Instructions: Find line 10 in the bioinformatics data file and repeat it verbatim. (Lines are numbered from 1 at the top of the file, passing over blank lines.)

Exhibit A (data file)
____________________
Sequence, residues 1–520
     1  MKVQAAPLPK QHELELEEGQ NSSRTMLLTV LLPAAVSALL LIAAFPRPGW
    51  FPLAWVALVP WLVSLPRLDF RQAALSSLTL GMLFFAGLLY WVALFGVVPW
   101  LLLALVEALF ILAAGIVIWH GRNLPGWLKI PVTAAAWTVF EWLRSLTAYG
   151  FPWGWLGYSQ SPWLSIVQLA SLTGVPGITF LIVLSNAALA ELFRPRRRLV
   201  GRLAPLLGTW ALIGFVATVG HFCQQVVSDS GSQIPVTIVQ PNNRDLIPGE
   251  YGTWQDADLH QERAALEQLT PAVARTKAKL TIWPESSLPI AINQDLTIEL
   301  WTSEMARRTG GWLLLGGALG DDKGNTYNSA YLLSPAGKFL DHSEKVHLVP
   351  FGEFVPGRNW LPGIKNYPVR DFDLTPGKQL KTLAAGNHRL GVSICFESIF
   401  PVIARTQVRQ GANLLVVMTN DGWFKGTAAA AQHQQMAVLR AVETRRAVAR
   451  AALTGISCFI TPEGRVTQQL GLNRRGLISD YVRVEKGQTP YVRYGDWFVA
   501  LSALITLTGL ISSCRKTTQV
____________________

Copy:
   401  PVIARTQVRQ GANLLVVMTN DGWFKGTAAA AQHQQMAVLR AVETRRAVAR